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The Bon Marches Semi-Annual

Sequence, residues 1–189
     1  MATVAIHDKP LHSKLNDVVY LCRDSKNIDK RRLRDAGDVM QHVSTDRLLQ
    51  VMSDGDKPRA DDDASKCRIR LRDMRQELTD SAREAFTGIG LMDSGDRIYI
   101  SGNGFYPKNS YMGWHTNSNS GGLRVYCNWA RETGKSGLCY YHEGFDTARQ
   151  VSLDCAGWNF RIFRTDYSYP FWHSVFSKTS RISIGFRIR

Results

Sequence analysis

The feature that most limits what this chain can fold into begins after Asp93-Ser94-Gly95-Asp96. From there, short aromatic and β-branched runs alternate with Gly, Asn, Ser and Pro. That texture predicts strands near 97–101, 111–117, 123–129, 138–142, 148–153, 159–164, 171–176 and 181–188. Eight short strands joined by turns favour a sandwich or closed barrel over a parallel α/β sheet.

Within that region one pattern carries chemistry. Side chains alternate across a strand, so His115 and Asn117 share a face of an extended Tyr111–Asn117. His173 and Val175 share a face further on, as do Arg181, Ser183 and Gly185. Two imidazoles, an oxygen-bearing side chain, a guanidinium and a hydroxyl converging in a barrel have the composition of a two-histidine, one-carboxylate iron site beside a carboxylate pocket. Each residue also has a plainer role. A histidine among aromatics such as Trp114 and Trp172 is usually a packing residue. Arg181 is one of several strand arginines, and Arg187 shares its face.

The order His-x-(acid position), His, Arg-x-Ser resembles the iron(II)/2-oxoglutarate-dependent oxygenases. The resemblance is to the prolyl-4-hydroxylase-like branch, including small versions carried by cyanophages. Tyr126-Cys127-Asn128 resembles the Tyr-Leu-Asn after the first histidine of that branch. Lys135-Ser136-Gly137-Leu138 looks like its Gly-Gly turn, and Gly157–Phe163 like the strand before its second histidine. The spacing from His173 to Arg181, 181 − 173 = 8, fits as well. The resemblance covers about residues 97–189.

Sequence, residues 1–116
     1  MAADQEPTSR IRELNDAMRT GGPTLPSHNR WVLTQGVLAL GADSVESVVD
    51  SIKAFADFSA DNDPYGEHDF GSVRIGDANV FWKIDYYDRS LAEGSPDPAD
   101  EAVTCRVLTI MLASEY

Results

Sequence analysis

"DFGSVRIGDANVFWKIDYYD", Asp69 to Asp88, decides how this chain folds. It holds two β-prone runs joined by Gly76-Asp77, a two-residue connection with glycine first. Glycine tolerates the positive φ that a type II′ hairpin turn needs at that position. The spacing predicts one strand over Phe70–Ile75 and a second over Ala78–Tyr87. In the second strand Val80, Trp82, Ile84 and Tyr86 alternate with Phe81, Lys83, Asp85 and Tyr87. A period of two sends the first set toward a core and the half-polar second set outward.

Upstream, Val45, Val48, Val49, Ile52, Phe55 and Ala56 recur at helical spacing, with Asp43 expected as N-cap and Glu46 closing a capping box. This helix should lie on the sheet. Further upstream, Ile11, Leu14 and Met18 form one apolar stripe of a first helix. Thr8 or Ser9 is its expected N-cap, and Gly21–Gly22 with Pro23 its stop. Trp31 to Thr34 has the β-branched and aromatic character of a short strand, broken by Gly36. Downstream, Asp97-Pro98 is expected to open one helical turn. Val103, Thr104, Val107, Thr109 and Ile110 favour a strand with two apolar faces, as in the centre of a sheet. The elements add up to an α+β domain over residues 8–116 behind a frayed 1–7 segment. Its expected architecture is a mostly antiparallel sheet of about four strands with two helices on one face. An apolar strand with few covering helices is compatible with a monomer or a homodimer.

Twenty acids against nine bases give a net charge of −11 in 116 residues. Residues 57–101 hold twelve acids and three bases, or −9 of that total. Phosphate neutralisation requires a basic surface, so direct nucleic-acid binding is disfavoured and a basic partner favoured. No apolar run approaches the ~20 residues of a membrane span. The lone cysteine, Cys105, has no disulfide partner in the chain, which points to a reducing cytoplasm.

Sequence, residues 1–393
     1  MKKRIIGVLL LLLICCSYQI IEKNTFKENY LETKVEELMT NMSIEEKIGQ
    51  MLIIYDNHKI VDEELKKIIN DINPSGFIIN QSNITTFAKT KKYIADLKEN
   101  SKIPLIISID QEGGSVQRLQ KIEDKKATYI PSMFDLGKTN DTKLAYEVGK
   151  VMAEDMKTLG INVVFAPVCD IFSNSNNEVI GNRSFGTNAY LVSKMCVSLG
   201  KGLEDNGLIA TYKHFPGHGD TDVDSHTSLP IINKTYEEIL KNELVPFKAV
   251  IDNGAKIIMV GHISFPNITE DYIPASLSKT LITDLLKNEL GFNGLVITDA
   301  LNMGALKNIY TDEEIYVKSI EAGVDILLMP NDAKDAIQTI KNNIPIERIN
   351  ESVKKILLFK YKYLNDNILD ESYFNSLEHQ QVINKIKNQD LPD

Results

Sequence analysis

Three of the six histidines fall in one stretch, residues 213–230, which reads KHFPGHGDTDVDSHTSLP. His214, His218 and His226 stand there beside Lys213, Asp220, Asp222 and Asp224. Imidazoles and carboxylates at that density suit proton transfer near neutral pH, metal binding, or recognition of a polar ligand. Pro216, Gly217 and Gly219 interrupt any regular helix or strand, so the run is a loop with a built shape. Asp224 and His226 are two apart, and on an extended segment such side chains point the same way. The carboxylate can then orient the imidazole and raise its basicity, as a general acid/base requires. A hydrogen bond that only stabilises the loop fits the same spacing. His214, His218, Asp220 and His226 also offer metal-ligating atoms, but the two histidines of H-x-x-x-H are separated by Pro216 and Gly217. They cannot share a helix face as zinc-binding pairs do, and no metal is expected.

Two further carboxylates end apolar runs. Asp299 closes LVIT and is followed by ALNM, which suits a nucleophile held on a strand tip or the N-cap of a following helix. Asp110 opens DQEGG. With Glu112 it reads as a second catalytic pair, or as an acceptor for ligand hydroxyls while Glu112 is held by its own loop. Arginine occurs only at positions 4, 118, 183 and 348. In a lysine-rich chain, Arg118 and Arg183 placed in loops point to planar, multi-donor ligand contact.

MILL REMNANT AND FACTORY SAMPLE SALE AM /*!' A [P-rf\ Wi " Factory .q .|C|V&/\ /" /\}M \ P V\ Rumor!. Sample, of J\l/\(ML/ AL/J' / < 0 f New Fall ™ vV//av a. r ;(w Av■: v \ »»« M,r<hcr,J„ 1■ < ;Aj \-V ifl >3 W anJDomntia « »«*"•' ,/ \ LjJL 'J* ilk vfffi/T \ \ \ *Mhk* J**." jj Men's Sample $2.75 Trousers $1.95 Half a Dozen Good Patterns in the Lot—in Sizes 30 to 44 Inch Waist Measure Factory Samples of Men's $2.75 Trousers—for $1 a pair for the second busy day—of thi«* busy sale. Nice patterns for Fall—gray* and brown* ami il.irk mixed tweed* and they're made with all the care and attention to detail that you'll find in I'rouser* at twice $1.95—f0r instance, they are made with belt loop*, side hucklc straps and cuffs (or plain bottoms). Factory Samples of Men's Trousers $2.50 Pr. Though They Are Samples of Lines Selling Up to J4.00 a Pair There's a window full of them on our Second Avenue front take a look at it next time you pas* —if you want to see a real bargain in Trousers They're on sale at $2.50 a pair—though many of them are $4 00 grade* and there are so many nice patterns in such nice Autumn shades- that you will have no trouble at all in picking out a pair or two to suit. —Upper Main Floor, South. Sample Blankets and Bedspreads =1-4 Less= • '"rrrf Bay Your Winter Supply of Bedding .f \ J /w" > at the Sample Sale—and Buy It 25 £$/ / f.l'; Per Cent Under Usual Prices Pgb'. : 1 Some of it a little toiled—as sample bedding is ** bound to be—bmt pshaw, one little trip to the laundry and it is just as good as new—and you are the 25 —— — per cent ahead. $2.25 Woolnap Blankets $1.50 Bedspread*, 76x88 Inches —$1.69 Pr.— —$1.13 Ea.— Oray Woolnap Blankets. «l«e 72*10 ln«-h»«. Plain hemmed (rochet Spreads with Marseille* worth regularly 12 25. Special at |1.«9 a pair, pattern*. I0*»0 In'he*; white fringed Spreads. j Finished with pink and bju« border*. sUe 76*81 inches, at 11.13 each. $2.50 Blankets, 66x80 Inches $2.00 Spreads, 72x86 Inches —$1.88 Pr.— —$1.50 Ea.— 1150 Heary Cotton Scotch Plaid Blanket* at Bedspread*. pnre white, with fringed edge*; one-fourth le*» fltie 68*80 Inches. Special for *lu> 72*86 Inches; heavy weight; strong and dur- Tuesday at 11.18 a pair. able, at lI.W. $5.50 White Wool Blankets $2.25 Bedspreads, 78x88 Inches —$4.13 Pr.— —$1.69 Ea.— A good bargain In White Wool Blanket*, sUe Only II *9 for while fringed crocheted Bed 72x84 Inches, at 14 1.1 a pair. Heavy fleeced Illan spread*, worth 12 25 Slie 78*88 Inches; heavy kets with ptak and blue borders. weight, of strong yarn. $10.00 Blankets, 72x84 Inches $4.50 Spreads, 78x88 Inches —$7.50 Pr.— — $3.38 Ea.— White All-wool Blankets, good weight, with pink Colored, plain hemmed Marseille* Bedspread*, and blue borders, size 72*84 Inches. Special at site 78*h» Inche*. at 13.J* each; worth |4 50 li 17.50 a pair. —Lower Main Floor, pink only. —Lowsr Main Floor. Samples of Lovely Fall Neckwear Half Price Dainty 50c Novelties \ in Women's Neckwear \ Hundreds of pretty neck fixing! in thi* special *SC a* vtl 1 Sample purchase of the newest 50c Autumn Novelties. Hm£ flln 1 Collars in a score of different styles High Collars Ix>w Collars—or both in one in sheer organdy and f voile#—and some Mlk crepe de chines. Delicate lace and net affairs—ideal settings for wsj jf pretty necks and throats. Collar and Cuff Sets—with sheer white centers ** but bold stripes on the outer edge Clever combinations of white Organdy and Satin or Black Velvet Ribbon in a dozen attractive shapes and styles—every one of them a full 50c worth. Dainty 65c and 75c Sample Vestees at } jZf\ Fond of pin tuck* on N«ekwtirf Will, the entire front* of these Vex tees are/ l|^ pin tuck* and a neat row of feather atltchln* on either aide roll collar to luat. h \ C-/V/V' Another style, of sheer oricandy with lucks and points In front. Uppar Main Floor.) Bargain Tuesday at Seattle's Best Grocery Better Bay a Full Week's Table Supplies Carnation Milk Priced 3 Cans 20c Carnation Milk, at 3 can* for 10c. when ordered with another purnhaaa of grocarlea. Not over 3 ram to a cuatomar at thla prlre In Canned Foods Armoar'e ailred I'lnfipplM, thlrk allce*. in good augtr ayrup; large cam; down. 9l.M| i.r': 40r : i4c Pel Moat# Pmfen or Aprlrote. regular 25c atea, 10C .ißpNtiMf f'ra h Heat, Kenuln* Imported; large 'am, 1 g 2r,f | % air.* cana IOC ailced P#«#kc«, gnod California fruit, No. 1 cana at DC Re* fork and Henna. aplendld quality, put up In tomato q eauce, gopd alza can.. %/C Del Mo ate Tomatoes, tha 1 A regular alze. can lUC fanned C ora or Tomatoes, well filled etni; *"od i atandard quality; can.. • 2 C Mill En& of 15c and 18c White Madrae 7/jC yard. Lower Main Floor. And Remember That No Matter How Low We Make the Prices Yoa Can Always Be Sure of FIRST QUALI TY, FRESH NEW STOCKS AND FULL WEIGHT Coffee Specials **tee| (nt toffee, one of tha beet branda. make a aplendld cup. aat iMfactlon guaranteed. 3-pound cum ... / %/C Freakly Hoaatetf toff**, fine blend of mild coffee, OO a 2&c grade ZZC t>ld Homestead or Sublime t offer, two of tha very beat. 1-pound cana . . «iUC Auto I Inh toffee, 2-pound OO 1 for ®Or| 1-pound can . «3*t 2 C In Teas and Coffee Mine million Tea. ona of tha very heat; 1-pound pai Nxgea 45c l.li»t»n'a Tea, tha Yellow CC Label; 1-pound ran uwC Mew Tea. your • holr. of Ceylon, Colon*, Ounpowdar. Mplderleic or Kn«Mah Hreakfaat, Jf,<j grade no., 4!i*i 100 3Qc I'eaberrr < of fee, 100 n|J (fr.de, pound bOC —Fnarik floor. All Hake. Kouatala Peaa and Kodak. Hepalred hr mm Klpert.— I f»per Mala Floor. BONMARCHE Union St.—Second Ave.—Pike St.—Seattle. Tel. Elliott <100 Beat Quality Dry Onion* at lc lb. Huy all you want of theae Dry Onions- no limit Heat quality, priced for Tueaday Hargatn I>ay In (lid Qrocartaa, at lr a pound. Miscellaneous Groceries ri« i* wt t ereal, a romblnaf lon of wh*at. malt. bran, flan ralalna and walnuta. a r* package IDC Wkol* Nutmri*. flnaat quality good aire, j dozen 4C far# tirouud Itlaek Pepper, guaranteed atrlrUy « q pura. pound I«7C Taylor's \ anllla. large hottlaa regular 2&«- alze, « bottle ISfC Waablsgtoa Hraml Msmnml or *|»agkettl« one of the y 1 vary beat. parkag* . . . t 2 C torn Flakes. fre«h and r»- regular I'* alas, /> pa« kaga QC Premium Iteklna t knrnlate Mayflower brand; pureat and beat. 1 pound OO 1 rake «3Z 2 C Mill End* of 10e and „160 Colored Lawna 5c a yard. Lower Main Floor. THE SEATTLE STAR DR. H. A. SMITH, FIRST SETTLER OF COVE, DEAD I>r Henry A. Kmlth, one of the original pioneer aelilers and founder* of Seattle, puaaed away at hla home at 2:3" o'clock Monday morning For aevaral montha I>r.. Hmlth, who waa kfi yeara of «K'', had been falling In health and loalng atrengtli due to an attack of the grip Peaceful and quiet aa bad been hla life, ao came the end, hla consciousness l>elng retained almoal to the I lat The following cbll dren kurvlvn the doctor, moat of whom aurrounded the hedalde ai the laat. Mra. It N. J. I'entiefather, Mra deorge Under, Jr.. Mra. t. I draff, Mra Airred Hoke and the Mlaaea May and Kaurlne. all of thla city. In accordance with the wlahea of the deceaaed, the body will be cremated. The funeral will be private and no flowera are dealred. With the death of l>r Henry A Smith disappears one of the very laat links In th« chain of Uvea connecting the early pioneer aal for mative |.etlod of the settlement of Heattle of the earlv 60's with present day progmaa of the city. Horn at Wooater, O . April 11. I*3". where lie attended the public achnola, later golriK to Allegheny college, Mead vllle. I'a, and the I'hyalo Medical Institute at Cincinnati. Hr Hmlth. at the age of 22, Joined the Kar \Veat" emigration In April. 1>63. and with hla mother and alater took passage In an o* train of Ut Millard across the continent. After a brief atay at Olympla. and a crulaa «f the aound. I>r Smith finally, In the fall of l*&3. added at Smith'* Cov«. near Seattle, the bar »h|rh "till l.cara hla nam* Here he homaateaded. predicting al waya that the logical route for a railroad Into Seattle would be via Salmon hay. and the Hmlth Cove draw, and he gradually acquired ap proximately 1,000 acrea of land, or practically all of "hat la now known aa Interhay. aome of which land he later aold for railroad purp<»<a. aa he had anticipated I* Smith built hla flrnt log houae In inr.3 and thf» practic* of hl» proffiton, In 1*«»4 » fnwwi totilMlng a* an Infirmary for hla i>atlenta, who were brought to blm In l»oata from many placaa on tha aound In Ihr.4 he ala<> aet out the flrat grafted fruit orchard In King county I Hiring the Indian war of ISS6U, the doctor moved hla mother and alater from the homeatead at Hinlth'a Cove to the acftlement of Seattle, for protection, and enllateil for three montha In company l>. Waahlngton territory volunteera, where he waa commissioned aa aurgeon hy Governor Htevena Subsequently be enlisted In company A for al* montha. and look part In the battle of Seattle In 1*«1 !>r Smith married Ml** Mary I'halen, a native of Wtaeonaln, who died In !*<>». leaving eight children In lfcM ho conceived the Idea of reclaiming tide lurid*, an done In Holland, and for thU purpose a< quired «<>o acre* on Hmlth l*land, at the mouth of the Hnohonilah rfver. Mere he reclaimed 74 acre* »r Smith »a* the ftr*t auperlntendent of public Mkooli of King county, *er*lng several fart, iui<l he waa a member of the council and of the territorial legislature In ItSS-So. LOST ARM IN WAR-WANTS JOB Shot In the arm while fighting under Von Mlndenburg with the German army, and later loalng hla right arm when a German «hel| hi*. Him while he waa aboard a llrttl*h freight *teamer, I* the unique e« perlcnce of l-Ved Tomer, a naturalised American clllfen. who ha* •erved both In the t". H army and navy, who I* In Keattle today, maimed, hungry and pennlle**. Me want* to go to Art ton*, where he will apply for adml*alon to the aoldlera' home there. Me I* 37. and willing to work anilou* to get any kind of a Jo>< Tomer wa* born In Germany. Ml* father wa* a Scotchman, hi* mother German Me left the old country wh»u he »aa 16 and *l»ortly afterward became an American cltlien In 1912 he went to v|»|t hi* parent* In Germany, after learning the machlnltt trade here When the war broka out he was compelled. agaln*t hla will, to Join the German force* After he waa wounded, he m*de hla eacape to Antwerp where he took *hlp to England At Mverpool he »ecured a berth a* a machlnlft aboard a veaaei bound for flueno* Ayre* On March IS. while <00 mile* off the Porto Itlcan Inland*, the freighter wa* attacked by the German cruiser I>rc*den Tomer * right hand *u torn to *hred* 81 nee then he ha* worked hi* way to Seattle If he ran *ecure work her* he will leave for Arttona a* aoon a a |io*albl* NO LIGHT AFFAIR FOR FIRE BAND Four thousand people who went to Salmon Ray to hear the Fire men'* band In an open air concert there Sunday night, are looking for a certain guy. And If they find hlro WOW" lie's the guy who doused the glim* at the Salmon flay pavilion, and put the blink on the concert In other word*, there waan't any concert becauae somebody • witched off the light*, or cut the wire*, or *oroethlng Or maybe some one forgtrt to turn >m on Nobody know*, tip to thla moment, but It'll go dlitlnctly hard with the cu;|>rtt. whichever way it wa*. when they find him Aa for the hand. It sat Hhlverlng In the dark until the laat hope wa* |o*t and the park wa* devoid of all other peraona, then gn>p««d It* way bark to the street car line, and home If everything goes well, however, the band will play at a big benefit danre at the Hippodrome on the evening of Auguat 31. Proceed* will go toward* paying the band * r*pen*e* to Frisco. where they'll whoop >r up for Seattle <>n Washington and Seattle day* at the expoaltlon TEKANO LEFT CABIN; SO DID THIEF Y Tekano left hi* cabin between the hour* of 4 and 5 Monday room. When he returned, the front door waa unlocked. and Tekano re ported to the police the lo*a of $100 In gold. IT In allver and a gold watch. Two holdup* Saturday night. marked with red handkerchief*. held op M. <\ Model). 1«30 24th ave, at the point of two ferocious-looking gun* They got 921.05. The holdup occurred at !3rd ave and E OH*« at. K DahlqtiUt. 1«10V4 Fifth ave , reported to the pollen th»t a thief entered hi* room and got $f>. NOVEL HERO COMES FROM NORTH •'T>an Applet on." hero of He* Reach* novel, "The Iron Trail," came ashore from the steamer Dolphin. ju«t In from Alaska. Saturday night, en route to aee the San Francl*c<i expoaltlon with hi* partner Ih»n McCarthy. Ml* real name I* John W. Mc< ord. and he haa had enough adventure to fill two *uch hooka a* "The Iron Trail." Me went North eight years ago an a civil engineer. Ju*t out of college Alaska wa* Juat beginning to build her railroad* then and MoCord dropped Into the thick of It. Me brow*ed around here and there, and wheedled a large *mlle from I»nme Fortune. BECKER'S LAWYER VISITS HERE "Oh, the shame of Meeker* conviction and electrocution' In my solemn Judgment he whs absolutely guiltless of the crime charged." 'Ihus spoke John F. Mclntyre, one of the attorney* who defended Hecker In Ills first trial, and who secured a reversal of the verdict Me Is here with hi* wife, daughter and party, en routo to the H«n Francisco exjKisltlon. "Mind, I am not defending Meeker for hi* violation* of the law nor his association with evil doer*, but I am convinced that ho never Instigated the killing of Rosenthal. Politic* entered largely Into both trial*." SCHOOL FEOD ENDS IH MURDER .... )rp ' A " k Relieved to have shot from ambush and HiU«d Alii#» Whitman, an tho renult of a nchool dlHtrict feud, It H N«»ff of I,ak*»port, l» being bunted by a po»«« today. Shortly before Whitman was killed, Neff attneked Charles Walker a school teacher, but was disarmed by the latter Whitmans body was found on hi* ranch, a rifle wound In hi* bead POLITICS HOT ATTEACHERS V MEET OAKLAND, Cnl, Anc 16. With politic* the principal topic of con vpnuitrr.ii amun* the 16.000 delegate*. the 53 rd annual convention of the National Kdncntlotial aH»oclatlon opened today. Alt ho Dr. Hnvld Htarr Jordan, |>r«*Ml<lfi«t of the organization, dlacu*aed the .relation of teacher to the world war and urged hla hearer* to do their utmoat to keep the I'nlted State* "an .International country," Interest of the tearhera preaent aeenied centered on the identity of the next prealdent of the aHHoclatlon A fight with aomn liltternuaa Ik being waged over the prealdency, between Mil* Grace Btraehan, of Brooklyn, and l>avld IV .lohnaon, prealdent of VVlnthrop Induatrlal and Agricultural *rhoo| In South Carolina, who retired from the raca laat year lu favor of Or. Jordan. CAME HERE IN 1852 BUILT PIR9T HOSPITAL RECLA IM E D THE LANDS S riOEHCKrIfeCSON S" w Real Morocco Hancoags Special $1.45 AN unusual offeritiK °f Real Morocco Bag* in the popular plaited pattern, designed with leather covered frame and Ku>>!»et bottom, line«l with silk and fitted -with coin purse and mirror. A roomy and attractive Bap, excep tional value at the special price, $1.45. ~ K,r ' l n "" r White House Sacques Reduced to 75c —Tfthl* Hijmr#. Firm Floor Basement Salesroom SAMPLES OF DRAPERY FABRICS * On Sale Tuesday in the Basement Salesroom THE Drapery and Upholstery Sample* in this selling were used in taking orden and were purchased by us at a figure that permits these extremely low price*. The pieces range in size from 9x14 inches to 50x54 inches, the larger pieces to be void singly, the smaller ones grouped in lots. Among the items are: 26 Samples of Italian Silk Blankets, 50x70 inches, suitable for couch throws or curtains, at 95c each. 118 samples of Double-faced Jute Velour, sue 15x23 inches, at 25c each. 13 samples of Double-faced Jute Velour, sizr 25xV> inches, at SI 25 each. 33 samples of Striped Mohair Velour, Bxso inches, at 10c each. 45 samples of Double-faced Velour, size 25x27 inches, at 50c cach. 9 Half Portieres of heavy jute velour. size 50x56 inches, at S.VOO each. 14 lots of Jute Velour Samples, each piece measuring alxMit 10x14 inches, the lot of J, sc. & ] Front-Lace "5 oy ,^ coul " /ft, Corset, $1.50 ' ' A N attractive, y ,ow P rice on itT>OY SCOUT" Cot / A\M V) * he P°P ular lacc "front style. ft ton Stockings of / /)nir n,iS Cor " Ct " ma,k f ° r the aV "; Heavy, serviceable qual -J( I! W aKC fiKUrf> h#V,ng bUSt itv, "sires 6to 10, priced I •§ long skirt. Material is good qual- at 25<> l f ■:& ity coutil, embroidery-trimmed. ' —Basement saleroom. "T Boned flap under front lacing, and two sets of hose supporters. n fWI Price 9i.50. Extra-Size —Union Suits ——= 45c Bungalow Aprons . A Xx neck, sleeveless style, with C • 1 Of - lace-trlntmed knee. Sl*es 8 ODeClcll .ODC 9 onl >'- attractively priced vJjfffJilV at 45C. A VARIETY of light and dark colors Bjffi -BM.rn.nt s.i«room. to choose from in this practical f Coverall Apron of good quality percale. M /*«J Jp"lj !•! Knitting Yarn Ihe Aprons are made with round I'ffHflgJji !|l neck, turn-back cuffs and patch pockets I afj*f!l\ 35c t^KCHI trimmed with white piping. Special TjIOUR-PLY Knitting Yarn of 35<i. - Ba.ement 8»le*room. 6* A T RO od quality, In red. black. v white, light-gray, dark-gray and - . -•— ■- navy, the *4-pound skein, .15f. SAXONY YARN, 7f SKEIN— Suction Clothes Washer red, gray, #hlte and black, uo- O *1 ftp usual value at 7<* skein. JPCCIHI Zoc -li»*en.ei.t Sal«.roo«. THIS practical Clothes Washer, on 7p; R Arr v sale Tuesday, is made of extra- /"lieCC DCIIj heavy tin, •vith inside air tubes; go Set, 50c /—v constructed that when tlttf washer is , „ nP *. / \ , , , , 0 EVER AI, pleasing decors /_ \ worked up and down a suction is O t lon* in these T-pl«» \ formed which cleans the clothes The Berry Sets, consisting of larf. £l & U r: Ue shoWn in SkCU his ~(lt *«" £2 Is'(fecorated "with *a £ AwJ eluded, but any broom handle can tor of wild ro».>» and two joi" / * \\ be made fit. » r o« n <l p' l * l ''- V ok — Attractively priced for lha 7* Spec lal 2.V. Piece act. at ttnimeftimtsblngs Sertlnn. Baaement Hslesroom NEW DOMESTIC RUGS rpunßn arc many new things in our present dis play of Domestic Rugs to interest the pros pective purchaser of floor coverings. A Large Showing of Axmin»ter Rug« includes plain effects in soft browns, blues and grays, as well as some unusually attractive con ventional and Persian patterns, and a new Japan ese design which reflects the widening vogue for things Oriental in room furnishings. For the Bedroom, Body Bru»»el» Rug» in gay chintz colorings are to he commended for their dainty appearance, as well as for their excep tional serviceability. Our showing of these popu lar Rugs is very representative. The New Display of Wilton Rug» maintains our usual high standard, in the quality of the weaves offered and in the wide range of choice afforded in design and coloring, enabling selections to be made to suit any furnishing scheme. This store is sole distributor in Seattle for the famous French Wilton, Hardwick Wilton and Bundhar Wilton Rugs. -*~ ODd *"'• At Special Prices 103 Cretonne Samples, about 25x25 inches, at 5c each. 260 Imported Cretonne Samples raeis urinp 18x30 inches, at 5c each. 304 pieces of Imported Cretonne measuring 30x36 inches, at 10c each. ** 205 yards in a lot of samples of Madras, Chintz, Ticking and other Scotch and English fabrics, at 18c yard. 160 lots of Imported Cretonne Sam ples (about 10 pieces measuring 9x14 inches in each lot) at 5c lot. 109 samples (corners of washible Rath Mats) measuring 11x14 inches, at 5c each; also smaller pieces, at 2 for sc. - Balament Salesroom.